Photo: AP

Most people are worried about water pollution when they criticize hydraulic fracturing. However, fracking might also be reducing the size of water bodies and, in turn, negatively impacting the organisms that rely on these sources, according to a study out Wednesday.

The study, published in Environmental Science & Technology, shows the way fracking uses stream water in Arkansas, where more than 5,000 fracking wells were drilled between 2000 and 2014 along the state’s Fayetteville Shale play. This extraction process requires high-pressure water (and other chemicals and sand) to be injected into the ground to create fissures that release locked oil or gas. That water’s got to come from somewhere, though. This study found that, when comparing the water pumping to stream flow, fracking could threaten stream withdrawals in up to 51 percent of Arkansas’ streams, depending on the month.

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A fracking site situated in the Permian Basin oil field on January 21, 2016, in the oil town of Midland, Texas. Photo: Getty

Messing with these water levels can affect stream temperatures and reduce habitat quality. This can translate to fewer sites for insects to lay their babies, which can trigger dangerous effects down the food web. I hate bugs as much as the next person, but they’re an integral part of an ecosystem. The water that drives this system is, instead, going toward fossil fuel extraction. To put that into perspective, each well uses, on average, more than five million gallons of water over two to five days—enough to fill seven Olympic-sized swimming pools. On the higher range, that amount looks more like 116 million, but it can also be as little as 91,000 gallons of water. Still, that’s a lot of water.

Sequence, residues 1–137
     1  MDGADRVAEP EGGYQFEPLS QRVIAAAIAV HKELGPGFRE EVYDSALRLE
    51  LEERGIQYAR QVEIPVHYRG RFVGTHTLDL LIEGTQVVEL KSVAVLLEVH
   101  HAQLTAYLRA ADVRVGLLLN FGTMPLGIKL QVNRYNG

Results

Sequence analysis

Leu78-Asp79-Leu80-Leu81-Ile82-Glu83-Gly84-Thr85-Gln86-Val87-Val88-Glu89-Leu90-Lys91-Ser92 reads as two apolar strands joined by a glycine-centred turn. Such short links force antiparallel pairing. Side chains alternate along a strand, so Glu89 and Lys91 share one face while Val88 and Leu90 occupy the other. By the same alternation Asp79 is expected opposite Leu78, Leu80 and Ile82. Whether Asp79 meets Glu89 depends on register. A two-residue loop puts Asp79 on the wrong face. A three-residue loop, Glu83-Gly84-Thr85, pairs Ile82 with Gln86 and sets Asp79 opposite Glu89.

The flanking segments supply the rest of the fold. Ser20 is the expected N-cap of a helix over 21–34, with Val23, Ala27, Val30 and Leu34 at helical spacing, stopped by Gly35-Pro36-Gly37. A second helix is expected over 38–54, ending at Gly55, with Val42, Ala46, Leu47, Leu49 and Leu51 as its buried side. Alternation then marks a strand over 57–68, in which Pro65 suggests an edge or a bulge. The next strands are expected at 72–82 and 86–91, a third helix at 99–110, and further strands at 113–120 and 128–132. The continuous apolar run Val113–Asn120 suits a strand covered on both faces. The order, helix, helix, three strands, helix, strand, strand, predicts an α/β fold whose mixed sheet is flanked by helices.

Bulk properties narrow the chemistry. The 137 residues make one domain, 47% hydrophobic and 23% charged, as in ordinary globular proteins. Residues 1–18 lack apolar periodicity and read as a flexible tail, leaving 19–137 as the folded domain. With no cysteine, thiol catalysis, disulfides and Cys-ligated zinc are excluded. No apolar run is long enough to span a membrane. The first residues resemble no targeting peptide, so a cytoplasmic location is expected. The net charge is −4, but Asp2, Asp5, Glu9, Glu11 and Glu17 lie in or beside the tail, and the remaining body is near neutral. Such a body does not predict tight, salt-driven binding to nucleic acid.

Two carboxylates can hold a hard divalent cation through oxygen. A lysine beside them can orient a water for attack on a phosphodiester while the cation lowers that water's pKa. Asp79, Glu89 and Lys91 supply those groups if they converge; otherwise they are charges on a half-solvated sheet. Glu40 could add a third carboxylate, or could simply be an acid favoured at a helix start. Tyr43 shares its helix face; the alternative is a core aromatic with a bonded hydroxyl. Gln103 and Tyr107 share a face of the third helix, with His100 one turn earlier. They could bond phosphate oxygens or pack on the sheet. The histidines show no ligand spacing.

Don’t care about bugs or water critters? How about yourself? In Arkansas, at least, many of these streams provide drinking water for nearby communities. So while many people worry about fracking operations polluting their drinking water (or making it flammable), now there’s the concern of whether that drinking water source will exist after a well has sucked it dry. Drought would only heighten that risk, per the study.

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Researchers could not determine specific impacts to streams because of limited data related to specific sites. “We don’t know if there has been an impact on the streams because there isn’t any site-specific monitoring,” lead author Sally Entrekin of the University of Central Arkansas, told Motherboard.

This study looked only at Arkansas, so researchers need to take a broader look to know for sure the ways fracking is impacting water bodies across the country. We do know, however, that water will become an increasingly scarce commodity in the U.S. as climate change diminishes water supplies.